Tuesday, February 22, 2011

Uni-Ball Propus Erasable Highlighter

Looking at highlighters I decided to try this Uni-Ball Propus erasable yellow pen. The idea that a highlighter could be erased has a certain appeal to me, but I didn't think it would take away all of the ink so I didn't have very high hopes.

Actually, the erasing went quite well. The yellow color is more neon with a green tinge to it (I'm thinking black light), and while I needed to put a lot of pressure on the eraser it did take off the yellow ink. The eraser crumblies left in the wake actually seemed to cling to the paper a bit and took two or three brushing to clean off this notebook.

I should add that this Propus isn't smear-proof, using it with a ballpoint pen left a black stain on the tip of the highlighter and a smear on the first line. However, the stain did lessen as I used the highlighter so I'll only take away half a star.

Finally, the tip of the pen is depressed initially to get ink to flow down, then you pump every once in awhile to get more ink on the tip.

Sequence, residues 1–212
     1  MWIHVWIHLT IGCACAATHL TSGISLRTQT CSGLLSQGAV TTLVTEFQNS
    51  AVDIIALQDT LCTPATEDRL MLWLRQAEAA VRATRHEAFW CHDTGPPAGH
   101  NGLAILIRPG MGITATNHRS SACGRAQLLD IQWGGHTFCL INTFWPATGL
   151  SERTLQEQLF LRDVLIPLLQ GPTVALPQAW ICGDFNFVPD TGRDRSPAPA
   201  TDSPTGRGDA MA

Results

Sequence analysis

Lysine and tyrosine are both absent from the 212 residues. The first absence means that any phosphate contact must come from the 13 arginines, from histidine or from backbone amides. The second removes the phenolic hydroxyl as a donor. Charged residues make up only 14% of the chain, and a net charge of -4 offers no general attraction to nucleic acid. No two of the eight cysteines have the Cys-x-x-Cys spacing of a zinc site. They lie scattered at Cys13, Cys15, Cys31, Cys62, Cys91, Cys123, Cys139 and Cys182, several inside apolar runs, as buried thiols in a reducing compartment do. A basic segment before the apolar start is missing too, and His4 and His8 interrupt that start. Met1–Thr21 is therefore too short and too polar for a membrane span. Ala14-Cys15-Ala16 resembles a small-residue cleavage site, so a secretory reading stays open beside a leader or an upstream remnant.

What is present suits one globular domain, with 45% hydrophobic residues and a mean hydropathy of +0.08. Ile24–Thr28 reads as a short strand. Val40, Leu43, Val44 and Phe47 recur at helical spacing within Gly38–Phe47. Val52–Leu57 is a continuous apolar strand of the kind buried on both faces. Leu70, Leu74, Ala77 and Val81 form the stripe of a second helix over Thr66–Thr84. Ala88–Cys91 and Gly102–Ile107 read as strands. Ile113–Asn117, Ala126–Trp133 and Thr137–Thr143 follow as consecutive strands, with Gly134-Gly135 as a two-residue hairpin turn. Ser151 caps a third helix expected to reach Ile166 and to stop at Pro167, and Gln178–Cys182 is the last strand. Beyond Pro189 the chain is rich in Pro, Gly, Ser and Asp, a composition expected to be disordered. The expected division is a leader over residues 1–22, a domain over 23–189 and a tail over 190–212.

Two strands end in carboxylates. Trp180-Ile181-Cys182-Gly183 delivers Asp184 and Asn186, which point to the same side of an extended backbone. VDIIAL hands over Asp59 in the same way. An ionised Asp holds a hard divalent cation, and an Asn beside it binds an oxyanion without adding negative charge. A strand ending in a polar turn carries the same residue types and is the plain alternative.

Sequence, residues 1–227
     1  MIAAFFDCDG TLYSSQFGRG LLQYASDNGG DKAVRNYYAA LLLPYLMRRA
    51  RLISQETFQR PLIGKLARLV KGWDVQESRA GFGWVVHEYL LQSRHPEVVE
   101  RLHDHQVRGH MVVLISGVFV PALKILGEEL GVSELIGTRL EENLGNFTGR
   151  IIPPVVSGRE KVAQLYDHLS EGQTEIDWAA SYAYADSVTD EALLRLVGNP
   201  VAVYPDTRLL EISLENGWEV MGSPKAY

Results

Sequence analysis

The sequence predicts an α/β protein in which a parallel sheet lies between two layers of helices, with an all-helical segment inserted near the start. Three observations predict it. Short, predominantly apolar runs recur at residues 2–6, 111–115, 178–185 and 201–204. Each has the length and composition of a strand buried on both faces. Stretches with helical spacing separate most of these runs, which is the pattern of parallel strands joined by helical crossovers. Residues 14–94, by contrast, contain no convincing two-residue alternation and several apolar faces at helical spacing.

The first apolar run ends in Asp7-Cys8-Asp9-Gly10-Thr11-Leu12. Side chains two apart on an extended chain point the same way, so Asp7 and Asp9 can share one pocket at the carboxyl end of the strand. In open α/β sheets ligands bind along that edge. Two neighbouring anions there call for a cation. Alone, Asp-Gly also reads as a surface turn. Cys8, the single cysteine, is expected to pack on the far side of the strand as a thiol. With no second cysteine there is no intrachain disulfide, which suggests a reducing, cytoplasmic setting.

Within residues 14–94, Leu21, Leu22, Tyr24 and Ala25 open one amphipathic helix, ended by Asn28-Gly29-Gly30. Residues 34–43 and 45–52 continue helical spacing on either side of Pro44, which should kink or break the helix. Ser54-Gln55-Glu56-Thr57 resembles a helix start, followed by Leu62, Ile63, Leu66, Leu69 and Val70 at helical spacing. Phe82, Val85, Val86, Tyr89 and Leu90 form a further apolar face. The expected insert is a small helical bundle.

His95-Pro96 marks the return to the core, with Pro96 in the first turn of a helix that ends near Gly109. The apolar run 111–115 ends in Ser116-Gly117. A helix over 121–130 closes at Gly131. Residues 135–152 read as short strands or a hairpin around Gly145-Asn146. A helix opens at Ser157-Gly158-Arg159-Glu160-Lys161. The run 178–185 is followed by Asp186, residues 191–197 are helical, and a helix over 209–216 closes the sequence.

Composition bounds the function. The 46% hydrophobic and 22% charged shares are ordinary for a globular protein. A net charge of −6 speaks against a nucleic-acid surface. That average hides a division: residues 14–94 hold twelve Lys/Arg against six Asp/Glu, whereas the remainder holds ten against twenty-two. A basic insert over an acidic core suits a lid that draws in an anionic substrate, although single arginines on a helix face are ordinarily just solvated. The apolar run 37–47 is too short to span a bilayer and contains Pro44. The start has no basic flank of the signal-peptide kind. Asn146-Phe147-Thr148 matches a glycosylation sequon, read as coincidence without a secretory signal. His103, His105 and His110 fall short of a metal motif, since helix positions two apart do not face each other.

An interesting concept, and if you want to get rid of all the markings in a book to sell or trade it then this is the highlighter to use.


  1. I'd be interested to know how this'll work out in the longrun. I've used Marvy erasable highlighters before, and have found that a few weeks after erasing something, the ink comes back but in a different shade. For example, orange highlighter ink disappears, but then a couple weeks later there's a big pink line there.

  2. That's strange, I will have to check back and see if the erased areas have colored.

  3. Yup! I also found that it was more likely to happen (the line came back faster and brighter) if I erased before the original ink was dry. For example, when I was trying it out for the first time, I drew a line with the highlighter then erased a smiley face into it. Looked great for about a day, then the face faded to orange. Now it's just a blob. Only one of the colors actually did manage to stay away once erased.